Can the Federal Reserve Bring the Inflation Rate Down to its Target of 2% in 2023?
The Consumer Price Index (CPI) has been lower than forecasted for three consecutive months. November’s latest CPI at 7.1% vs. forecasted 7.3% added to the downward inflation trend. At this rate, is the Federal Reserve likely to reach its target inflation goal in 2023?
The Fed’s Rate Hikes are Working
The Federal Reserve pincered the economy between two extremes since March 2020. Having bloated its balance sheet by ~$5 trillion, the overflowing money liquidity propelled both the stock and crypto market to their all-time highs. By mid-2022, the cost of central banking’s “free money” began to manifest itself in the highest inflation rate since the early 1980s.
Given its dual mandate – employment and price stability – the Federal Reserve responded with the fastest rate hiking cycle in over 40 years. As the third consecutive month that positively exceeded expectations, November CPI at 7.1% vs. forecasted 7.3% shows that the Fed got on top of inflation.
The Federal Reserve takes both inflation metrics into account, CPI and core inflation. The latter disregards volatile food and energy prices, making it a more useful indicator that is less prone to lag. The Fed’s core inflation target is still at 2%. For November, core inflation also beat estimates at 6.0% vs. 6.1%, which is 3x above the Fed’s target.
The world’s central bank is now increasingly in a more favorable position to avoid a deep recession.
Did the Fed Suppress Assets Enough?
The Fed’s loose monetary policy led to a hot economy, manifested as price instability – inflation. The Fed started to cool the economy by increasing the cost of capital using higher interest rates. The cooling manifested as asset price suppression across the board.
In other words, the Fed could cool down the economy into a recession as consumer demand is suppressed. At $75 per barrel, the West Texas Intermediate (WTI) crude oil benchmark has already dropped to the year’s lowest point, indicating significant demand reduction.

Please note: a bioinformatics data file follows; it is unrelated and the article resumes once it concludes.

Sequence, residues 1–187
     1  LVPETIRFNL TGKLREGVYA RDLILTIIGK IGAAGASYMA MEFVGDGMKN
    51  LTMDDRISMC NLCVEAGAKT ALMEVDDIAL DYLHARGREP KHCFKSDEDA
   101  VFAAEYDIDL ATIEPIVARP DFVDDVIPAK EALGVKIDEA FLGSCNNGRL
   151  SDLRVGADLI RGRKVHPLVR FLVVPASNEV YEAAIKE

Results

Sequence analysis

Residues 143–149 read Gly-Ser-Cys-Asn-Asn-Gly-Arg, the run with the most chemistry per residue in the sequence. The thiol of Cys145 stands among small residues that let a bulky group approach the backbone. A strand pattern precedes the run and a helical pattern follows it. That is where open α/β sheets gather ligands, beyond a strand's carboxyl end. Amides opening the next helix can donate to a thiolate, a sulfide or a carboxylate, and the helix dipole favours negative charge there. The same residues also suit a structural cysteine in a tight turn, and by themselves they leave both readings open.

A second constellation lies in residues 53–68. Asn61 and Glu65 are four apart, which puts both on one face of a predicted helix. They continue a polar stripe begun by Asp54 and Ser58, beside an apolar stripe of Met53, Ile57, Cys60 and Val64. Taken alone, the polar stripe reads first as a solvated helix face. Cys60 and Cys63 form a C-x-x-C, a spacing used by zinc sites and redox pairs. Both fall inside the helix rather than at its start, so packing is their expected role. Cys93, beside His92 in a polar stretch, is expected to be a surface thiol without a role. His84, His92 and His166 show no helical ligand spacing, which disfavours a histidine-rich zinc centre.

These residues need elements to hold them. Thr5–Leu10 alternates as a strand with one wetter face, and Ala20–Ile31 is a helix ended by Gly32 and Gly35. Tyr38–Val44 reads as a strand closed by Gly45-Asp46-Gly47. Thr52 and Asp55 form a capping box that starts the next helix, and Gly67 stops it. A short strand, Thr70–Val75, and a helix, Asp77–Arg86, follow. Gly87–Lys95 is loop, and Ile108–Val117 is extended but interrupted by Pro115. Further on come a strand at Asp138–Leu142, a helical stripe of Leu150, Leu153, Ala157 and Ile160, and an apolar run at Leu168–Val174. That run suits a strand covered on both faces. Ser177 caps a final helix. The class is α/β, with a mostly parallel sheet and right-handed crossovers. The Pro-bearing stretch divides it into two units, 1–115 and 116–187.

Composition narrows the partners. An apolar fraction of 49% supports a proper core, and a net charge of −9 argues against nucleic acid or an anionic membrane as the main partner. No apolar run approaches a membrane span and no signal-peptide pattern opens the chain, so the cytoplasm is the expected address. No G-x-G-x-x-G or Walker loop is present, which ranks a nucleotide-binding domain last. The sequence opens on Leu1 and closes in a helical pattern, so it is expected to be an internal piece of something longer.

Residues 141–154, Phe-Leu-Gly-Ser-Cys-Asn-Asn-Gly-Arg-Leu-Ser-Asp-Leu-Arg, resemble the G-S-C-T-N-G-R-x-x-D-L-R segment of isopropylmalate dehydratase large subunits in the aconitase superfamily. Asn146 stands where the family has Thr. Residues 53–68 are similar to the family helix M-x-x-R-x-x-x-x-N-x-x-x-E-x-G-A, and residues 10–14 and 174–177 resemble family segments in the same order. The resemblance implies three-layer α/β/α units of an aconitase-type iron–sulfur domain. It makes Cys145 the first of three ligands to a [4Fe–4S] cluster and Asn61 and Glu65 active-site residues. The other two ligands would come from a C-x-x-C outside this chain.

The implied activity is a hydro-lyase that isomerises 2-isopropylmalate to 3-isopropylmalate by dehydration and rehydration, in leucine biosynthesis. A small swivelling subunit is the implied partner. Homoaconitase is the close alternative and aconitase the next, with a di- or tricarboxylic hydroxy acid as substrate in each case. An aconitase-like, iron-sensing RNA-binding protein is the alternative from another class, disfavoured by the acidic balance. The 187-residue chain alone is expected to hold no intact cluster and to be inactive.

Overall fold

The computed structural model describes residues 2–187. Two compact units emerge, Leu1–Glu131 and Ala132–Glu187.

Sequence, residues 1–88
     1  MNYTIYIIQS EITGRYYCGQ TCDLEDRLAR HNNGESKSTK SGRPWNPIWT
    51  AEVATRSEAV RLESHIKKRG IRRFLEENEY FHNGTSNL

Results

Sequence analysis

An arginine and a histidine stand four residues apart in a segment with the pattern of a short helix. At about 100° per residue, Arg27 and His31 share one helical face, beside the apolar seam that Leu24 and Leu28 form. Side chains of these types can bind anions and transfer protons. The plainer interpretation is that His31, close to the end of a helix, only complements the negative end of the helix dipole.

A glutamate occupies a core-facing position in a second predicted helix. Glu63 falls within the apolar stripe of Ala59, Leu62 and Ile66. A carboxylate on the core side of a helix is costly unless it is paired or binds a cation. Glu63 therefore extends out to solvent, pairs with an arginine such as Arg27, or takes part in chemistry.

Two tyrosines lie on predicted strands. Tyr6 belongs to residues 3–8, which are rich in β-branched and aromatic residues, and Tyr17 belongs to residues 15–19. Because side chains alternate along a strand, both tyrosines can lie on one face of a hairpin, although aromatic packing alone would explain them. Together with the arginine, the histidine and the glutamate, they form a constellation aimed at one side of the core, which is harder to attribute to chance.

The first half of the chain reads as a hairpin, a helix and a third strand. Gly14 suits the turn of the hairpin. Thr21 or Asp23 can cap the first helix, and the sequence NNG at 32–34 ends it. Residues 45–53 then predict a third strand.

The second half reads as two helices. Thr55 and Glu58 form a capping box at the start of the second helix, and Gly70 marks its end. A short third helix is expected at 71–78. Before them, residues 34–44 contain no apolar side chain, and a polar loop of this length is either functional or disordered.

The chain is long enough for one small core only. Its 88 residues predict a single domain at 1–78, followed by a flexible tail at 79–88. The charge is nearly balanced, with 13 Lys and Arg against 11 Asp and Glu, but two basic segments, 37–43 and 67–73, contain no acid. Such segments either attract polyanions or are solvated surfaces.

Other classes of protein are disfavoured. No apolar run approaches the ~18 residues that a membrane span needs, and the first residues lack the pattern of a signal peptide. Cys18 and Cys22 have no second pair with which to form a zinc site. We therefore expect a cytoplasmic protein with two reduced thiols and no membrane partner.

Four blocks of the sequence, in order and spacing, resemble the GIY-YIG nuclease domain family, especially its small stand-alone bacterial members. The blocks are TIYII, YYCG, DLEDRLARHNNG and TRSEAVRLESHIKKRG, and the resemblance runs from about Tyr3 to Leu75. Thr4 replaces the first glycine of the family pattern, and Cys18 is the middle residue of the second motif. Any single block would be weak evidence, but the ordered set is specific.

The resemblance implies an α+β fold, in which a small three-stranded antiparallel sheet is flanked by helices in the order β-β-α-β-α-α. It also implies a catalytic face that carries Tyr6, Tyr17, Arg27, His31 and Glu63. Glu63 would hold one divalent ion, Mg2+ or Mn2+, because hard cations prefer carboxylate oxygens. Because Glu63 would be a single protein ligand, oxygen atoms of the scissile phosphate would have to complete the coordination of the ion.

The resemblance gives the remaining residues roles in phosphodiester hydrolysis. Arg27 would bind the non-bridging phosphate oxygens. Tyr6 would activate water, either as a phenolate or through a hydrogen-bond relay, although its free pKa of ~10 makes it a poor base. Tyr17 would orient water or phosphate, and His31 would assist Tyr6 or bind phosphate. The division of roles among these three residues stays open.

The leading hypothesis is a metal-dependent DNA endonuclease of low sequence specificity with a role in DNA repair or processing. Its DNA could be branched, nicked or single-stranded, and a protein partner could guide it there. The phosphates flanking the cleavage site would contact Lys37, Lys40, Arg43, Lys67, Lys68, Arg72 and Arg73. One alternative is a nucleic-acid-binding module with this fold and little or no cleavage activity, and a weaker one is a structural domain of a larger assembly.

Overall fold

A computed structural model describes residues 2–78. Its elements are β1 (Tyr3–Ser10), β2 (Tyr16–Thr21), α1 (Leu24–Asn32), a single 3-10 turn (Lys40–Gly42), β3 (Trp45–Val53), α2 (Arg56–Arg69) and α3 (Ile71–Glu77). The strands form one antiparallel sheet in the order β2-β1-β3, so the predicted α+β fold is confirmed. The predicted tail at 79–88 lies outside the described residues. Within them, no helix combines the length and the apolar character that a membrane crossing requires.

BlackRock, the money manager with $9 trillion AuM that the Fed hired in 2020, also warned that 2023 will be a historic cooldown year.
“Recession is foretold as central banks race to try to tame inflation. It’s the opposite of past recessions: Loose policy is not on the way to help support risk assets, in our view.”BlackRock 2023 Global Outlook report.
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Why Further Inflation-Combating Hikes May Not Be on the Table
For the Fed’s next meeting on December 14th, the market expects (80% probability) the central bank to increase the rate by 50 bps into the 4.25% – 4.5% range. This will break the four-consecutive 75 bps streak, with a potential hike pause afterward. This seems more likely, given another critical indicator.
The Fed’s asset suppression has also reduced tax revenue, which dropped 10% in November, or $29 billion from a year prior.
Lower federal revenue translates to a lower ability to pay government debt (treasuries). For this reason, the Fed has historically avoided raising interest rates beyond the level of 2-year treasury yields, according to 3Fourteen Research.
The expected December 50 bps hike aligns the Fed Funds rate in that range. In other words, the Fed will likely have to count on the already achieved inflation downward trend to resume its momentum. Otherwise, the Fed is entering uncharted waters, historically speaking.
After all, if lower tax revenue leads to a higher deficit, it leads to a higher supply of treasuries. The Fed would then have to rely on foreign countries to buy them. If the demand is not there, treasury yields would have to go up. This would lead to a stronger dollar, hurting international US companies and decreasing federal tax receipts.
We may end up in the rate-cutting phase to avoid uncharted waters. In turn, the inflation’s downward trend would only be temporarily halted in 2023.
Do you think the Fed will break its historical record this time by going over 2-year treasury yields? Let us know in the comments below.